Good morning, all! Alison has done a wonderful job creating our website! We are both excited to collaborate with our districts and work with teachers. Alison and I have just completed another week of LETRS training in Oklahoma City and are ready to get back in our assigned schools.
Many times I am asked how to integrate literacy into content classrooms. I had the opportunity to visit a classroom at Olive recently who did just that. This teacher began her fourth grade math class by reading a Shel Silverstein poem entitled "Smart," which focused on a boy swapping money with other people based on the number of coins he received when swapping rather than the actual value of the money for which he swapped. After reading the poem to the students, the teacher reread the poem and discussed the content of the poem. During the poem, she also clarified the meaning of phrases, such as "red in the face" and "too proud to speak." Following the review of the poem, students were given a copy of the poem and money. In small groups, students reenacted the poem sequence, trading money with each stanza. The students were actively engaged in both the poem and the concept of trading money. After small group work for about 15 minutes, students came back to whole group instruction, and the class figured out how much the boy lost. When doing this, the teacher asks different ways to make certain amounts of money. As an example, when the boy was given four nickels, the teacher asked how much four nickels was worth, as well as what other coins could you use to make 20 cents. This teacher did a great job incorporating literature into her math class!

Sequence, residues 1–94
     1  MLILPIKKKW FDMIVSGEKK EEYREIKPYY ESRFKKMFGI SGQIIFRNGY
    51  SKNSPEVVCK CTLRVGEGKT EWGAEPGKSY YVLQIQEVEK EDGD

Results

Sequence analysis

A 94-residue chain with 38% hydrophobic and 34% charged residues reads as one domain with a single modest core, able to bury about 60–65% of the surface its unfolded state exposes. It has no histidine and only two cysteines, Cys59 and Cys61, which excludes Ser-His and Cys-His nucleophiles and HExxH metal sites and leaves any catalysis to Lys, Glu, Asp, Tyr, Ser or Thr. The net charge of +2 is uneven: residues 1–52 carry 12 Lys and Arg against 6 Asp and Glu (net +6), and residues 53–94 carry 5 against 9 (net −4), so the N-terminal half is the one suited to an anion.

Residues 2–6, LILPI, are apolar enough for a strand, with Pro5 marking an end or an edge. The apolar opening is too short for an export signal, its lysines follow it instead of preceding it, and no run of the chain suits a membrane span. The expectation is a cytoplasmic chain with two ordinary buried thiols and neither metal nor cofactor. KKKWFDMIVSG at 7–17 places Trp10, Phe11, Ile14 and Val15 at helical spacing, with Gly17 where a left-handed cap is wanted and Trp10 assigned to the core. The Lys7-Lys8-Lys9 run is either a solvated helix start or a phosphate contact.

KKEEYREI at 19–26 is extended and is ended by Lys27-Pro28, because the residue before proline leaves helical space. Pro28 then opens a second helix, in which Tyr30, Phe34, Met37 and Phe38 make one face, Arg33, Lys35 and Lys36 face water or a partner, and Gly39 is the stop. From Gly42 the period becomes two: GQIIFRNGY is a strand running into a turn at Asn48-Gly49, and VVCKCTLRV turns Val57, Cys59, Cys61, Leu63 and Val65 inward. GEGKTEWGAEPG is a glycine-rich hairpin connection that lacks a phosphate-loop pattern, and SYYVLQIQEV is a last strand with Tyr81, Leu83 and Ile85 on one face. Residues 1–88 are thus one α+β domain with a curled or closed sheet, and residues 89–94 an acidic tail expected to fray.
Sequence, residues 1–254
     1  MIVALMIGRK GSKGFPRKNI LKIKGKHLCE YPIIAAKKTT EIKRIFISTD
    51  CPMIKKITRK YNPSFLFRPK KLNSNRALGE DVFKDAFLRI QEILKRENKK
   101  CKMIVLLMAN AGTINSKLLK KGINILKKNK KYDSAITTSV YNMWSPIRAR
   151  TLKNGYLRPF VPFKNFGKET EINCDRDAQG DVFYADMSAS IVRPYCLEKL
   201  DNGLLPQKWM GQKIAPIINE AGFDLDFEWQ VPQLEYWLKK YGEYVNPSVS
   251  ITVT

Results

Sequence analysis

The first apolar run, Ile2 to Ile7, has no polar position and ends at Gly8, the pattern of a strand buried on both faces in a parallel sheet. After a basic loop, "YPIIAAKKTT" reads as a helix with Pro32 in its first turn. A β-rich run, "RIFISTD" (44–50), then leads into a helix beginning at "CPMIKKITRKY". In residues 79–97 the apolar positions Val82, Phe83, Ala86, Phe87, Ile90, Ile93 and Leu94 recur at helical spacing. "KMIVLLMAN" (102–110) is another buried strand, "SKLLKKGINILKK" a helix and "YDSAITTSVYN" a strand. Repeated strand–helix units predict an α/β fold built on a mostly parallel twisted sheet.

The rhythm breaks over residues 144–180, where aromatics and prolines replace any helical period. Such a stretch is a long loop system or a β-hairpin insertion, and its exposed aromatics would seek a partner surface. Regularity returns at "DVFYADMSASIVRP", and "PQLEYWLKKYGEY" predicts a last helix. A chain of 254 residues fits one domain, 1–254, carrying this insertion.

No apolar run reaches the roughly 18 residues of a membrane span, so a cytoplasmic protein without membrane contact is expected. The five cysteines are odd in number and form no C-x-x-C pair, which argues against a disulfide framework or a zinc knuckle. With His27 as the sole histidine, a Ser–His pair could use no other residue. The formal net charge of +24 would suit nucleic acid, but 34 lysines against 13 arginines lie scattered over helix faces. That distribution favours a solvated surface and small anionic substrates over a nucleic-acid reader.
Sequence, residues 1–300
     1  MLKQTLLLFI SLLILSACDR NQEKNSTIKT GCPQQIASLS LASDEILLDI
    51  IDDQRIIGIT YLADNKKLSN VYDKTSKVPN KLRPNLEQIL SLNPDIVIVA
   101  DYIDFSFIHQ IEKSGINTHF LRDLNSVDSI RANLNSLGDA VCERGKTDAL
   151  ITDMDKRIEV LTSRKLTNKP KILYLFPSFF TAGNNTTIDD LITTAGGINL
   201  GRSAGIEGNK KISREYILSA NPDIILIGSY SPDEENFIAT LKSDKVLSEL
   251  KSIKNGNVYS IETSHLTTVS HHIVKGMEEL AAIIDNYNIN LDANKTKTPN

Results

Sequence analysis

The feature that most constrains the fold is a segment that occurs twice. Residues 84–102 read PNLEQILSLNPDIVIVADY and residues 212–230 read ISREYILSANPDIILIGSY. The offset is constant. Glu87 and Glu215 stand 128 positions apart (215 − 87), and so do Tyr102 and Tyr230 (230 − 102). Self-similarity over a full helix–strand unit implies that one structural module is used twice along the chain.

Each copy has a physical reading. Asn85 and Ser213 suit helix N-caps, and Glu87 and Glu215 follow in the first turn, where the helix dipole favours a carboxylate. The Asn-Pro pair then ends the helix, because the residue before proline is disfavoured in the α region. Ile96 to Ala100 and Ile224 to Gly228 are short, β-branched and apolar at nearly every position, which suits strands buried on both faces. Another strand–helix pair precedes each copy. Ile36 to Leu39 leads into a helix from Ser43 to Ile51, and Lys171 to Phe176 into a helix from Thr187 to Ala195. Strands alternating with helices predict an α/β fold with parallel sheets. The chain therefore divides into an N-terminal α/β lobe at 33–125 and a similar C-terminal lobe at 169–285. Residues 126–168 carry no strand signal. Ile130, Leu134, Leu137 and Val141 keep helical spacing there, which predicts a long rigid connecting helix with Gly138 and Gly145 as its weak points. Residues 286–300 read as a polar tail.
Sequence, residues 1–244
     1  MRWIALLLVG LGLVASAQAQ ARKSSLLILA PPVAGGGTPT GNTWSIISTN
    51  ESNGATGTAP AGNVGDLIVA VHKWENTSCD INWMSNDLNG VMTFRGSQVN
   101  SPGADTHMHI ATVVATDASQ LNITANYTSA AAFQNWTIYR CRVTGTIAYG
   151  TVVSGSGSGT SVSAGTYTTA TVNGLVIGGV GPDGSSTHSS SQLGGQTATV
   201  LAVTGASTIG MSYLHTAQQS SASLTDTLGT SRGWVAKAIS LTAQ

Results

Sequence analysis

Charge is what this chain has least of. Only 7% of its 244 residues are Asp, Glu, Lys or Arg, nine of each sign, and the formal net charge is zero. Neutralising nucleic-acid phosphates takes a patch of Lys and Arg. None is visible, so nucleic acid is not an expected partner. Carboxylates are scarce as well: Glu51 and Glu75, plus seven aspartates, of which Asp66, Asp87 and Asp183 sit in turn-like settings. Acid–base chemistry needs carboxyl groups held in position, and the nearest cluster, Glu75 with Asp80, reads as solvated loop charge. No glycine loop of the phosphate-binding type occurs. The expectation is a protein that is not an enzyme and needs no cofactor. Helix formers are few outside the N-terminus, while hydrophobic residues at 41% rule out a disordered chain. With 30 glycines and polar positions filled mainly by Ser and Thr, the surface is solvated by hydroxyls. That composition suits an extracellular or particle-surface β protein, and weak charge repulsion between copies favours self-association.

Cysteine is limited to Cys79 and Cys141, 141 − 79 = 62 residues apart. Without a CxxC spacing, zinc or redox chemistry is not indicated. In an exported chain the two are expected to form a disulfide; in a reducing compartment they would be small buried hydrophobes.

I am an Instructional REAC3H Coach working under the direction of the Oklahoma State Department of Education.
Strategies To Use With Students
West Virginia Phonics